The decision is in — the Chief Ombudsman has informed the Central Otago District Council (CODC) it did not act unreasonably in its consultation regarding the Cromwell Memorial Hall.

However, Cromwell man David George is vowing to continue to fight.

What to do with the town’s out-of-date Memorial Hall has been the source of much contention spanning more than two decades.

In February the Cromwell Community Board endorsed preliminary designs for a new $38 million multipurpose complex to replace the original 60-year-old building on Melmore Tce.

The price tag has since ballooned to $42.8m, with council staff advising community board members and district councillors delays would see costs grow.

Cromwell man David George.

After receiving a complaint from Mr George, the Office of the Ombudsman opened an investigation into the council and its consultation surrounding the Cromwell Memorial Hall on May 1.

The complaint centred around an alleged lack of community input into the hall, in particular regarding the relocation of the existing war memorial to another area within the hall grounds, and the inclusion of the Cromwell Museum in the project.

Shortly after the investigation opened, the Cromwell Museum Trust and Cromwell RSA — both organisations which will be incorporated into the new facility, and of which Mr George states he is a member — distanced themselves from the complaint.

Last week Chief Ombudsman Peter Boshier informed Mr George and CODC the council had ‘‘not acted unreasonably’’ in its consultation on the project.

Responding to Mr George, the final opinion stated ‘‘identified collaboration with the community as key to its success and prepared a comprehensive plan for achieving this’’ and ‘‘the public were given multiple opportunities to express their views, including in the initial phases when ideas were canvassed, through a survey of shortlisted options, a series of public open days held during the design phase of the project and via a dedicated website’’.

‘‘The option of incorporating the museum into the Arts and Culture Centre was considered at an early stage, with the public having opportunities to be heard on this aspect of the project through the Let’s Talk Options survey,’’ Mr Boshier said.

‘‘It was also evident from an early stage that a multipurpose facility located in the Heritage Precinct would have an impact on the Memorial Gardens and the cenotaph and the public were consulted about this.’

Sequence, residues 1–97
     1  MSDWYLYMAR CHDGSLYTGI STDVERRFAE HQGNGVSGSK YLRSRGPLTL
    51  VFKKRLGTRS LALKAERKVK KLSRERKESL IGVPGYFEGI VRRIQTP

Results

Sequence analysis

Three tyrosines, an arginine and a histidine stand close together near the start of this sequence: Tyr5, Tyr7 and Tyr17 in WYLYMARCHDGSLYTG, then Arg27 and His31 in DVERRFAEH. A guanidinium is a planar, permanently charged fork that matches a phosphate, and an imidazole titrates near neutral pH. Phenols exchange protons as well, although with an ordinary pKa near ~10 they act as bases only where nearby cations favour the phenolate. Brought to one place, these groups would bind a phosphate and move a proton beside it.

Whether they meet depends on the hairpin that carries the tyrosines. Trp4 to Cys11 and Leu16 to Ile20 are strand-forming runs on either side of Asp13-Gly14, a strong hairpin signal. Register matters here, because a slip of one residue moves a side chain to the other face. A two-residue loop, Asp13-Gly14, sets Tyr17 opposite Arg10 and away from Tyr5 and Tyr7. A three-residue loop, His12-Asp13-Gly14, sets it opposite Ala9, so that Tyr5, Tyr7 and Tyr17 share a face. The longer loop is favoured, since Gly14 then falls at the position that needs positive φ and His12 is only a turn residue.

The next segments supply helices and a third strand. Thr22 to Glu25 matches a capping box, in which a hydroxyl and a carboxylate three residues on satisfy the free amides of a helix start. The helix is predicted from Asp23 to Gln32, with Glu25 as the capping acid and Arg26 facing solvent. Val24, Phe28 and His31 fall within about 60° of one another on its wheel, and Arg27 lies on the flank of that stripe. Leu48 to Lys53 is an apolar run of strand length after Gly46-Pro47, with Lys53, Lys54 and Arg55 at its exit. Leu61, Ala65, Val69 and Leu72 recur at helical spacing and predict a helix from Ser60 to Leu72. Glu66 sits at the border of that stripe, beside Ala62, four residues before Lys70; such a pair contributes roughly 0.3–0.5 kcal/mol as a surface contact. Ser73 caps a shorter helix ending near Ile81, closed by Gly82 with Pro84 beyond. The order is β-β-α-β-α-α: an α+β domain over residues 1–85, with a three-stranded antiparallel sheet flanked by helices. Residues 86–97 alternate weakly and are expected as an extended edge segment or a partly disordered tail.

There was also an external stakeholder group, including the Cromwell RSA and Cromwell Museum Trust, representing key stakeholders in the project.

Speaking to the The News, Mr George said he did not believe the Cromwell Community Board had acted in good faith and kept the community involved in the process.

‘‘They’ve come up with a draft plan which is now standard plan, but there’s been no options or alternatives considered,’’ Mr George said.

‘‘They had an open day at McNulty House . . .which they presented those plans but there has been no input in to what is in those plans and stuff like that.’’

‘‘I’m very concerned that we are losing out on our war memorial and our car parking and I still feel the community isn’t sufficiently aware that that’s happening.

‘‘And my supporters, of which I’ve got a number, say ‘‘well people won’t realise what they’ve lost until it’s actually done and dusted and they’ll say, ‘oh, how did that happen?’.’’

Mr George said he intended to meet incoming CODC chief executive Peter Kelly when he started next month.

‘‘I’m going to still keep campaigning though . . .I would like to see the museum put on a different site and I would like to see the war memorial left as it is, on its site that was chosen by my father, his mates and by the RSA in the day as the best site.’’

Mr George said he did not know if it was possible to reverse the hall design ‘‘but I’ll keep going until I’m sure that it’ s not’’.

‘‘I’ll pursue it until I realise I’m beating my head against a brick wall completely — literally the hall wall,’’ he joked.

‘‘I didn’t adopt this role, it just happened in the community — the outlier.’’

Cromwell Community Board chairwoman Anna Harrison welcomed the Ombudsman’s findings.

“We hope this satisfies Mr George’s concerns and look forward to moving the project ahead at the upcoming community board meetings,’’ she said.

‘‘There are some big projects under way in Cromwell, and we as a board feel the community has had significant input into those decisions through things such as the Cromwell Masterplan project.

‘‘Council has been committed from the outset of this project to seek public opinion and be as transparent as possible with our process.

‘‘The Ombudsman’s decision reflects this.”

CODC interim chief executive Dylan Rushbrook said while the work taken to investigate Mr George’s complaint had not directly slowed progress on hall redevelopment, it came at a cost of $4500 in staff hours and ‘‘significant community board member time being diverted away from the project to seek out information required to address this inquiry.’’

‘We acknowledge there should be a high level of public input when spending ratepayer’s money, and the opinion of the Ombudsman shows we have respected that process,’’ Mr Rushbrook said.